9. Everett Fox, The Five Books of Moses, The Shocken Bible (New York, NY: Shocken Books Inc., 1995), vol. I at 936.
  10. William Willcocks and J. I. Craig, Egyptian Irrigation (Third Edition, London: E. F. & N. Spon, 1913) provide a detailed recording of the volumes, flow rates, and chemical makeup of the Nile water, how it is channeled into reservoirs for later irrigation, as well as the dates of sowing and harvesting various crops and how these dates change as the flow works its way from south to north. See also Margaret R. Bunsen. Encyclopedia of Ancient Egypt (New York, NY: Facts on File, Inc. 2002) Revised Edition at 277.
  11. William J. Murnane, The Penguin Guide to Ancient Egypt (New York, NY: Penguin Books, 1997) at 20.
  12. Karl W. Butzer, Early Hydraulic Civilization in Egypt: A Study in Cultural Ecology (Chicago, IL: University of Chicago Press, 1976) at 85. Flax, used for linen, was also farmed in this manner.
  13. Murnane, op. cit. at 67-68.
  14. Jules Janick, “Origins of Agriculture in Egypt” In: Selin H. (eds.) Encyclopaedia of the History of Science, Technology, and Medicine in Non-Western Cultures (Dordrecht: Springer, 2016).
  15. Christopher J. Eyre, “The Water Regime for Orchards and Plantations in Pharaonic Egypt” in The Journal of Egyptian Archaeology (Volume 80, London: Sage Publications, Ltd., 1994) at 57-80. He notes that orchards and gardens (termed “plantation agriculture”) entail a need for investment in land development and a perennial water supply, and thus differ from the annual arable land farming. He posits that changes in terminology for types of land in New Kingdom texts may relate to the development of large-scale plantation agriculture and technological development.
  16. Sally L.D. Katary also examines ancient Egyptian and Greek sources for land tenure, described as the “regime by means of which land is owned or possessed, whether by landholders, private owners, tenants, sub-lessees, or squatters” with the mix of institutional and private ownership varying over time. See Sally L.D. Katary, “Land Tenure (to the End of the Ptolemaic Period)” in Juan Carlos Moreno Garcia and Willke Wendrich (eds.) UCLA Encyclopedia of Egyptology (Los Angeles March 2012), and Sally L.D. Katary, “Land-Tenure in the New Kingdom: The Role of Women Smallholders and the Military,” Proceedings of the British Academy 96 1999 at 61-82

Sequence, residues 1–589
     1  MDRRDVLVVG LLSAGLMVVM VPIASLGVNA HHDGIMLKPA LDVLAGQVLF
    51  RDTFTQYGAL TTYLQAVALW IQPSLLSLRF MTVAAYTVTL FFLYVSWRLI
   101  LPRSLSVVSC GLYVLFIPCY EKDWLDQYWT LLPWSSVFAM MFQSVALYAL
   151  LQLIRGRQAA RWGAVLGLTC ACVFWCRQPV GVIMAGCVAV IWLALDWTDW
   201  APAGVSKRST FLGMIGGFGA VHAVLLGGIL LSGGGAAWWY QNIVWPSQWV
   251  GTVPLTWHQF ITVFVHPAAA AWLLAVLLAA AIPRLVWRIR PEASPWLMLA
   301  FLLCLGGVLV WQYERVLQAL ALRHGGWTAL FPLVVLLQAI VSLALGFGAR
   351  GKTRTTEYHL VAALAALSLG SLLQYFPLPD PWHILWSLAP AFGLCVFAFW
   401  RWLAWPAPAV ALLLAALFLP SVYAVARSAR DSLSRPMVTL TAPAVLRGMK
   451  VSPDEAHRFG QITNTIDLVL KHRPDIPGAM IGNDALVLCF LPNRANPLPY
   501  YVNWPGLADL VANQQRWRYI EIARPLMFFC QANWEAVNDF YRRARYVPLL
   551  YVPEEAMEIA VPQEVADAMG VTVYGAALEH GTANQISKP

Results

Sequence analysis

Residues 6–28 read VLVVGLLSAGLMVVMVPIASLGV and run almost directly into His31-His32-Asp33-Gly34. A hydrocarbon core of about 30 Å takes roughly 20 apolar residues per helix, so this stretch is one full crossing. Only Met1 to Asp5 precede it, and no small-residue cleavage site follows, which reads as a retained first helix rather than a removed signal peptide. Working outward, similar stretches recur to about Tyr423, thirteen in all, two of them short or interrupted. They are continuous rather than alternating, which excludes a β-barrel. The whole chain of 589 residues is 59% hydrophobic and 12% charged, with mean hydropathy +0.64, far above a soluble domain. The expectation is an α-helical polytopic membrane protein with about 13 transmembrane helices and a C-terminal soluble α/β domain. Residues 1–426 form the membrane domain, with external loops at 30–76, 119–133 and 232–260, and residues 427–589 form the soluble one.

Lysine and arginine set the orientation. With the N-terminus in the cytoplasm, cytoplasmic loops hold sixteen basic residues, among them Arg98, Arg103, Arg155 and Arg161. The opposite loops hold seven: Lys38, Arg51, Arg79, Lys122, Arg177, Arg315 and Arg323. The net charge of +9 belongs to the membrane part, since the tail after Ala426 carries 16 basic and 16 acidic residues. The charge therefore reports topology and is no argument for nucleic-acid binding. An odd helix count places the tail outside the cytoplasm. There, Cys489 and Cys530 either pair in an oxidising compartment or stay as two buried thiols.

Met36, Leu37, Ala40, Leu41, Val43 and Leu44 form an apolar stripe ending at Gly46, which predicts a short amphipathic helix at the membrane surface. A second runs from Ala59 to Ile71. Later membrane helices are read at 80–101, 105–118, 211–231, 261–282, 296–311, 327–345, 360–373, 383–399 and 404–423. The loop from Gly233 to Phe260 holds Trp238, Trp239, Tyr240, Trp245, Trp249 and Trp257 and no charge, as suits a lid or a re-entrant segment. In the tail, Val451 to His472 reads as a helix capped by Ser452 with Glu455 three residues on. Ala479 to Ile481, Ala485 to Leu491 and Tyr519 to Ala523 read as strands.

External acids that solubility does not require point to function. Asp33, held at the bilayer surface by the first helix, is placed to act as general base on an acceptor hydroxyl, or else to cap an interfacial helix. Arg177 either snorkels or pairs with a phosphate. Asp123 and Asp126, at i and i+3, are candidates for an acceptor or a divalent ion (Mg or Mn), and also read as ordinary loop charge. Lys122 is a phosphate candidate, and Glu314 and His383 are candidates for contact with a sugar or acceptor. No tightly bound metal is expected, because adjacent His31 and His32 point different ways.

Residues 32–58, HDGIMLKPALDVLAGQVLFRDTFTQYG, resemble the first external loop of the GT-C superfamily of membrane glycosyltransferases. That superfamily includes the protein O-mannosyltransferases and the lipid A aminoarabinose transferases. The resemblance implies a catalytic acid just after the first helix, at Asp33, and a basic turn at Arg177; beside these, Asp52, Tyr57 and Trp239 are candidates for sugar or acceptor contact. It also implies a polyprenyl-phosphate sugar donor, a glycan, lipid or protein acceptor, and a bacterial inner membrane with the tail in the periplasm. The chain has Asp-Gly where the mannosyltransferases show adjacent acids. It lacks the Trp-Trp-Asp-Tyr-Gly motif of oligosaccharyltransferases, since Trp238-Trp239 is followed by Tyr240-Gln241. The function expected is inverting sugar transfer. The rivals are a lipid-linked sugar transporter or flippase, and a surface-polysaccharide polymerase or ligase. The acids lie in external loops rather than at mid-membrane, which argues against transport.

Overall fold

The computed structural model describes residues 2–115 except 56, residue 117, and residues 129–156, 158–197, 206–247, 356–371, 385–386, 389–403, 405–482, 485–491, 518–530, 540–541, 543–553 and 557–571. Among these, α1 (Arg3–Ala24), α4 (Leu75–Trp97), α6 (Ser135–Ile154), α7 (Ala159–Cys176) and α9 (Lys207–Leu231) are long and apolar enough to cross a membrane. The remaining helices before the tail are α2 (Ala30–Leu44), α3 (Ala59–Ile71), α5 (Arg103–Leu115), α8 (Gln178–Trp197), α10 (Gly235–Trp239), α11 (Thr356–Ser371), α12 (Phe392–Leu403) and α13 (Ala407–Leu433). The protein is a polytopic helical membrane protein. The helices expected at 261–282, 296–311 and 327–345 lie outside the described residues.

17. Jean-Christophe Antoine, “Modelling the Nile Agricultural Floodplain in Eleventh and Tenth Century B.C. Middle Egypt. A Study of the P. Wilbour and Other Land Registers” In: Harco Willems and Jan-Michael Dahms (eds.) The Nile: Natural and Cultural Landscape in Egypt (Mainz: Transcript Verlag, 2017) at 15-21 for a statistical analysis of land registers in ancient Egyptian papyri. He identifies two sets of ownership for land. Plots associated with priests, overseers of cattle, and middlemen cultivators and administrators have a certain set of soil categories or one of two categories for a fiscal category of land. Plots associated with small landholders (usually having a professional link with the army) are characterized by landscape features such as groves, mounds, high grounds and lakes/ponds. The first set of plots is measured in land-cubits while the second set is measured in aroura (about two-thirds of an acre).
  18. It is beyond the scope of this article to discuss the historicity, or not, of the Exodus. For a summary of different viewpoints, see Biblical Archaeology Review, Ancient Israel in Egypt and the Exodus, 2012.
  19. The Sakkarah Expedition, The Mastaba of Mereruka. Part 1. (Chicago, IL: The University of Chicago, Oriental Institute Publications, 1938) Volume 31 at plates 21 and 30.
  20. Murnane, op.cit. at 28-29.
  21. Bunsen. op. cit. at 221-222. Also Murnane, op. cit. at 46, 53, and 61. The author uses the convention of “ma’at” to discuss the concept and “Ma’at” when referring to the goddess.
  22. See Fitzwilliam Museum entry on Spells in the Book of the Dead.
  23. Foy Scalf (ed.) Book of the Dead: Becoming God in Ancient Egypt (Chicago, IL: The Oriental Institute of the University of Chicago, 2017) Oriental Institute Museum Publications 39. Also E. A. Wallis Budge. The Egyptian Book of the Dead (The Papyrus of Ani) (London: British Museum, 1985).
  24. University College London, Digital Egypt for Universities. Book of the Dead. Chapters by Number. Chapter 125A. From the papyrus of Nu. See also Allen, Thomas George. The Book of the Dead or Going Forth by Day. Studies in Ancient Oriental Civilization. No. 37. (Chicago, IL: The Oriental Institute of the University of Chicago. 1974) at 97-99.
  25. Willcocks. op. cit. at 796.
  26. The goddess Ma’at was sometimes shown in duplicate, indicative of the dual nature of things. For example, there cannot be a poor man if there is no rich man.